• A different set of five justices held that a criminal defendant is entitled to cross-examine the lab tech who filed a report on chemical analysis; the prosecution can't just enter the report and be done with it (PDF). What is most interesting about the dissent — Alito, Breyer, Kennedy, and Roberts — is that the reasoning betrays no understanding that lab technique matters in obtaining verifiable results... let alone interpreting lab results. I hereby renew my call for a scientist on the Court!
    • A still different set of five justices held that a maritime statute that does not explicitly reject common-law rights does not cut off those common-law rights — in particular, the right to sue for punitive damages (PDF)for refusing to pay for medical care for an injured seaman continues to exist. This may not sound that significant, and it may turn out to be restricted... but it's one of the few blanket reaffirmances of the right to sue for punitive damages that the Court has issued in the last couple of decades. Most of the time, as soon as the phrase "punitive damages" has appeared somewhere in the syllabus, it has been followed by a restriction on punitive damages.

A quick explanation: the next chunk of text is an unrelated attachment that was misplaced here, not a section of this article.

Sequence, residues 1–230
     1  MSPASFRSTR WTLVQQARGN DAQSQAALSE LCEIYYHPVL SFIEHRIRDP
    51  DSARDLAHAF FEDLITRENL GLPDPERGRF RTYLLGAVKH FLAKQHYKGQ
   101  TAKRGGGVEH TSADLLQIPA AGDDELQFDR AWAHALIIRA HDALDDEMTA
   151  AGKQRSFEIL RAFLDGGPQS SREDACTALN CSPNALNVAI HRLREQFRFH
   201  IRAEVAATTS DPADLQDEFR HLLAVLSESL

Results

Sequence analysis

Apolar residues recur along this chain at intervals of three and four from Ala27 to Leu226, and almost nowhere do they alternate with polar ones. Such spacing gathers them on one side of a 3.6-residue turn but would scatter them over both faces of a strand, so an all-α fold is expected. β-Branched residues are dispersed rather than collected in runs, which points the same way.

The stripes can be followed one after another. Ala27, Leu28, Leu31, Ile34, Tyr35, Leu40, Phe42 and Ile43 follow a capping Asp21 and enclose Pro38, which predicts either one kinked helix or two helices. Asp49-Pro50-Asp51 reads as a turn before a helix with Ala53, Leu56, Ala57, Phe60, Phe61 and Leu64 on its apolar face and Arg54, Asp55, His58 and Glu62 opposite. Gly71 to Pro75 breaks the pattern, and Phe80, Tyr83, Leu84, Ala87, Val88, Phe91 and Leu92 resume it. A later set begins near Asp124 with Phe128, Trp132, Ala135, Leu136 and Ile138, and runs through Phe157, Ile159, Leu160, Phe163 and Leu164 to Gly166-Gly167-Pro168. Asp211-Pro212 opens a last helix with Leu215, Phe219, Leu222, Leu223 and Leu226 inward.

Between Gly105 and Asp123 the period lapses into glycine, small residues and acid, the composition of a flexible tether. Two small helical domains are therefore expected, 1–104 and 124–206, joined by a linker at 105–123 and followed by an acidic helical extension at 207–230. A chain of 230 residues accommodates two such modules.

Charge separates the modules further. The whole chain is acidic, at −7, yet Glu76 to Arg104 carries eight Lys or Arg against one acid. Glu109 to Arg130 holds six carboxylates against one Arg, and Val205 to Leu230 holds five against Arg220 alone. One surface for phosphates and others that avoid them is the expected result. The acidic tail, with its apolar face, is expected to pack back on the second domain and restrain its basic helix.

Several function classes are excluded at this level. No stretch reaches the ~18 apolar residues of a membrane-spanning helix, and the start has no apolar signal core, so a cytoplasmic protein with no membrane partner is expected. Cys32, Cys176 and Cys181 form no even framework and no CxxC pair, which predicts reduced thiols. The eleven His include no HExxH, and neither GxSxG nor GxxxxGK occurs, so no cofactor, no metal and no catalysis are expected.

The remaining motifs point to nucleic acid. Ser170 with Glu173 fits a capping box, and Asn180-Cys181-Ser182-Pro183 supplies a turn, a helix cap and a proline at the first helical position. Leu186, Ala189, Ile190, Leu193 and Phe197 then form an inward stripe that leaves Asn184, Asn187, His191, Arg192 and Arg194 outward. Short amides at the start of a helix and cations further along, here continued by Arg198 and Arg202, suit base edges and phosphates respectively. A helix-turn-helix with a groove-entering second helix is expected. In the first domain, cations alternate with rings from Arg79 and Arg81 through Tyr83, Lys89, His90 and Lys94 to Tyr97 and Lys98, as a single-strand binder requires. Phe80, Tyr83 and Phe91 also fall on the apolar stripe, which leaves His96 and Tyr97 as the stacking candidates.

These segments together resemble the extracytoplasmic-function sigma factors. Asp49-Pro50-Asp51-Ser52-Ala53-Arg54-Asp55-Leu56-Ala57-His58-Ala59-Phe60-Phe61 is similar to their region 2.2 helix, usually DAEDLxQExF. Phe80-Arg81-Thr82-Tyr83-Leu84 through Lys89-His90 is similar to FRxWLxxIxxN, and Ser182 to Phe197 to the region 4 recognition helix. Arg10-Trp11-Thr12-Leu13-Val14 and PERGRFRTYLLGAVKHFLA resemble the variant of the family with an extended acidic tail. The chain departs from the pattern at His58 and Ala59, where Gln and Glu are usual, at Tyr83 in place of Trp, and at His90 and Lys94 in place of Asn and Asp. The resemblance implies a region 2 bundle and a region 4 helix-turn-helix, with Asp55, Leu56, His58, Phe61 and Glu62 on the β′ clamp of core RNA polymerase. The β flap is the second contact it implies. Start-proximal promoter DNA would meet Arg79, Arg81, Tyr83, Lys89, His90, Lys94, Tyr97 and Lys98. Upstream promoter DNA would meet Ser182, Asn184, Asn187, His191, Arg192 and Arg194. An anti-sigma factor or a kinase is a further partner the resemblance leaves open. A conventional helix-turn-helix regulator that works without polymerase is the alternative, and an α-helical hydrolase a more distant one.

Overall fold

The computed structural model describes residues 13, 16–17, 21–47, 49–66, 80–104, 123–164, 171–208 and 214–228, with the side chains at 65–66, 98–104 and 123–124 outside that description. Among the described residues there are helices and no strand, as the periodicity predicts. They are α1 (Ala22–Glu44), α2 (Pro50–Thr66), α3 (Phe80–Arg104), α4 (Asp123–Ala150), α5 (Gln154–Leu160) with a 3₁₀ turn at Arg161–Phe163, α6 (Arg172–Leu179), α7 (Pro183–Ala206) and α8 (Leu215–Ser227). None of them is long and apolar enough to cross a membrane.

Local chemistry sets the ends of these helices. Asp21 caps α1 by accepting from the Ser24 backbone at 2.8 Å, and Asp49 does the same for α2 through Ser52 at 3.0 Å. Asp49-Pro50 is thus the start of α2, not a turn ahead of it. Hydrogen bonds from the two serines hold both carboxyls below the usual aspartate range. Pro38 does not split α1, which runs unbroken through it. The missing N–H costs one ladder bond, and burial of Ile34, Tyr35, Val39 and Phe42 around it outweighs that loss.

• Finally for today, yet another different set of five justices held that Fed. R. Civ. P. 60(b)(5) requires a stringent, searching review of the basis for a prior judgment (PDF)when challenged by a state government. Following my usual pre-reading reaction, since Justice Kennedy is in a 5–4 majority on a civil procedure issue I had my doubts... which, unfortunately, were confirmed at pages 14–20 of Justice Alito's majority opinion.